Frequently Asked Questions
I have been often grilled about my background by cross-examining attorneys who were in a state of shock upon being told that psychologist could be an expert in human factors, vision or lighting without being an engineer or a medical person.
When people hear the word "psychologist," they immediately think, "shrink." In fact, only 50-60% of psychology Ph. D.'s are clinicians, people who deal mental conditions and the like. The rest are spread across a wide range of scientific and applied areas. Experimental psychologist is the largest group of nonclinicians1.
I am not really surprised because most people have little familiarity with experimental psychology as a scientific discipline. They know an engineer or have gone to an ophthalmologist so they understand these experts. But few have ever met an experimental psychologist. I frequently find that attorney's were completely unaware that people like me exist - a scientific human factors expert.
As an aid to future cross-examining attorneys, I propose to simplify their lives by giving the answers to the usual questions up front. I describe my background as an experimental psychologist explain the differences (and many similarities) between our expertise and that of people in related fields. I conclude with the answers to a few other common questions about my background.
Other Frequently asked questions
1. What is an experimental psychologist?
Experimental psychologists are scientists who have studied human behavior and have learned to design, perform and analyze scientific research2. They initially learn topics such as experimental design and statistics as well gain a general background in topics such a perception, cognitive psychology and learning. They specialize in one of these area or more of these area perform a master's thesis research project. (Mine, for example, was reaction time and learning). They then continue to take more specialized courses in their area of concentration and perform a doctoral thesis. (I switched to vision for my Ph. D.) After gaining a Ph. D., experimental psychologists who want to continue with a research career will further their education with postdoctoral study. (I did that at Brown University and the University of California at Berkeley.)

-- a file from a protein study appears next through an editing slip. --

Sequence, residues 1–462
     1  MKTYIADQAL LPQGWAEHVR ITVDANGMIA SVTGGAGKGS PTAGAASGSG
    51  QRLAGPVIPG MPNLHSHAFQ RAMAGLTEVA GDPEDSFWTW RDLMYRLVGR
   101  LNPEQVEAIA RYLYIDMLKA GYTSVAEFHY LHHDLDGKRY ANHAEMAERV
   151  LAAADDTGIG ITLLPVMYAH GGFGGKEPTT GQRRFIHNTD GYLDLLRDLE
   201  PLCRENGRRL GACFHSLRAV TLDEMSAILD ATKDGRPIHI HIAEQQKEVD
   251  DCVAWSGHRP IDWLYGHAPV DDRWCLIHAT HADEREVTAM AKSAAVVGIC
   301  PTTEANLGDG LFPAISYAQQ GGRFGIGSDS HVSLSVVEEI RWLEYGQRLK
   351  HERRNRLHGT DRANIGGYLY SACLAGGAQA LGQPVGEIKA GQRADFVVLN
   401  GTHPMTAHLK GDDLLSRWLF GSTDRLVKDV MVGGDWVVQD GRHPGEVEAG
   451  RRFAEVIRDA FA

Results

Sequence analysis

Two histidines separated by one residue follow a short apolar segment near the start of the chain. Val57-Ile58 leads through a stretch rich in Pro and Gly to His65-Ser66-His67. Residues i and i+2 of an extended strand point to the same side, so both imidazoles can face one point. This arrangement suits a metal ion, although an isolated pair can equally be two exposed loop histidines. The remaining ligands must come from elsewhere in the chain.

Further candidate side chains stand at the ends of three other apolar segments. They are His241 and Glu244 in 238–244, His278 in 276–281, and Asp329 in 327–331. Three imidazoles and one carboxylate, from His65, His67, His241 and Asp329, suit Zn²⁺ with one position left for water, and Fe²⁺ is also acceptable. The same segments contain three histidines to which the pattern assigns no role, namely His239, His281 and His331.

2. What is the relationship between experimental psychology and human factors?
Human factors is defined as "the application of scientific data to make the world compatible with human abilities, fitting the product to the sensory, information processing, and motor attributes of the user." As result, human factors experts must be know all three fields. Human factors was not a degree field until relatively recently, so most human factors experts, and virtually all over the age of 45, have their roots in another discipline. The "sensory, information processing, and motor attributes" of people are all topics that most experimental psychologists will have studied extensively, so it is hardly surprising that many human factors experts were trained as experimental psychologists.
It may surprise the many people who believe human factors to be an engineering field that experimental psychologists make up the largest single membership group in the Human Factors and Ergonomic Society, the main professional human factors organization in America.
3. What is the difference between an experimental psychology and an engineering human factors experts?
Human factors is a mix of psychology and engineering. In most cases, a human factors analysis requires two steps. The first is to specify the physical properties of a situation, e, g, the speed and distance of vehicles in a road accident. The next is to determine how human limitations and predispositions would operate under the physical, situational constraints, e .g., reaction time, perception, decision-making.
Because of its interdisciplinary nature, most human factors experts come from both psychology or from and engineering. However, there is a strong difference in emphasis. The Engineer's base of knowledge and expertise is in the physical specification. Their basic education is in math, physics and related topics. An experimental psychologist's base of knowledge and expertise is in the science of human behavior. Their basic training is in the scientific method and basic psychological factors, such as perception, memory, cognition, learning, etc. While engineers are primarily taking math physics and engineering courses, experimental psychologists are studying perception, memory, learning, cognition and experimental design and statistics. In questions of human behavior behavior, the psychologist is far more likely to have greater breadth and depth of knowledge, to be far more familiar with the research literature and to be better schooled in scientific first principles. After all, it is the psychologist's main business - not engineering.